Educational pathways in Paediatric Virology: Pros and cons
- Ioannis N. Mammas
- Anne Greenough
- Maria Theodoridou
- Demetrios A. Spandidos
Affiliations: Laboratory of Clinical Virology, School of Medicine, University of Crete, 71003 Heraklion, Greece, Department of Women and Children's Health, School of Life Course Sciences, Faculty of Life Sciences and Medicine, King's College London, SE5 9RS London, UK, First Department of Paediatrics, University of Athens School of Medicine, 11527 Athens, Greece
- Published online on: August 28, 2019 https://doi.org/10.3892/etm.2019.7955
Copyright: © Mammas
et al. This is an open access article distributed under the
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The ‘2015 Paediatric Virology proposal’ (1), which was presented during the ‘1st workshop on Paediatric Virology’ on October, 2015, resulted in a very interesting and constructive debate on the potential role of the scientific field of neonatal and paediatric viral infections as a new paediatric subspecialty candidate. To date, the proposal, which described in detail the new subspecialty areas, including both clinical and laboratory sections, has attracted the interest of several world leading experts (2‑12), who have evaluated it in detail and highlighted the value of Paediatric Virology subspecialists in the future (Table I). The value of the scientific field of Paediatric Virology is also examined in the recent third supplement issue of the Experimental and Therapeutic Medicine (13‑19), which is dedicated to Paediatric Virology and is edited in the context of the ‘5th workshop on Paediatric Virology’, which will be held in Sparta, Greece on October 12, 2019.
However, specific points of scepticism have been raised (2). Amongst these, two have been considered to be as the most critical. The first one is the limited number of paediatric virologists required in each country. This can be addressed by Paediatric Virology being kept as a special interest (4) and not scheduled as a separate paediatric subspecialty (5). The Paediatric Virology subspecialty training should be offered by international centres of excellence, which would offer trainees the opportunity to be exposed to the highest case mix, while supervised by internationally renowned educationalists and researchers. A balance between subspecialisation and general knowledge should always be sustained (7).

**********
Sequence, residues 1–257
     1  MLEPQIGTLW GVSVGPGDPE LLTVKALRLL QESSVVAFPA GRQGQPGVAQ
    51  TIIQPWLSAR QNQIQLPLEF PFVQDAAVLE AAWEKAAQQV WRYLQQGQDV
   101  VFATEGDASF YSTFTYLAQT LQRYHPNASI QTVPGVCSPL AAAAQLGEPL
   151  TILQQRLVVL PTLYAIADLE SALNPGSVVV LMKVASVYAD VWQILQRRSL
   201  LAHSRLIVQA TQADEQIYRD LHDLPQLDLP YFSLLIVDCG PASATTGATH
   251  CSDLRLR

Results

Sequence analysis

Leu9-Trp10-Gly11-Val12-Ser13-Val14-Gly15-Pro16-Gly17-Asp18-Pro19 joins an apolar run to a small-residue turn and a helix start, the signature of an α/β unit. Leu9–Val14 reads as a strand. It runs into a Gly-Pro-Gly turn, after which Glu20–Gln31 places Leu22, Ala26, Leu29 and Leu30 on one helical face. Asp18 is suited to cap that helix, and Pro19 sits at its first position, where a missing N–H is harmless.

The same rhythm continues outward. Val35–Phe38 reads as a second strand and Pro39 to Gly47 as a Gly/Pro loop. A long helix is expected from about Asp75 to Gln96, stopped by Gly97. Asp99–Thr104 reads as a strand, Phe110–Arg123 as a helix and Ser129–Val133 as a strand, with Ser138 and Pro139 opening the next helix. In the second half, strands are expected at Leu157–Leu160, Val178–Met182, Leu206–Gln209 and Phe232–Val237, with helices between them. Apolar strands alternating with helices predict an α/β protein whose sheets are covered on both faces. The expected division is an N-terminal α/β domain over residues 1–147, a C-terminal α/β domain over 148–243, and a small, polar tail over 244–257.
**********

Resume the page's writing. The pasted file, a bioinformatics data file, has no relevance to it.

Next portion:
The second issue is the scientific background of paediatric virologists; should their medical core specialization be Microbiology, Internal Medicine or Paediatrics? Fig. 1 presents these different pathways. The supporters of the first two options are based on the current practice, where Microbiology or Internal Medicine consultants develop a special interest in Virology. We suggest that this subspecialisation should be included in Paediatrics (20). Currently, the paediatric orientated clinical training in Paediatric Virology can be undertaken by entering subspecialty training in paediatric infectious diseases (PID) or being a general paediatrician and undertaking a special interest (SPIN) module in infectious diseases or a higher degree, e.g., Master of Sciences (MSc), Doctor of Philosophy (PhD), Master of Research (MRes), or a Postgraduate Diploma in PID (3,4,15). In the future, to optimize care for children requires state‑of‑the‑art educated neonatologists and paediatricians on viral infections and paediatric virologists, who will be skilled in highly demanded diagnostic and therapeutic decisions for neonates and children with possible viral infections (20). We believe that the implementation of the ‘2015 Paediatric Virology proposal’ into medical education and clinical practice will be a step forward in this direction.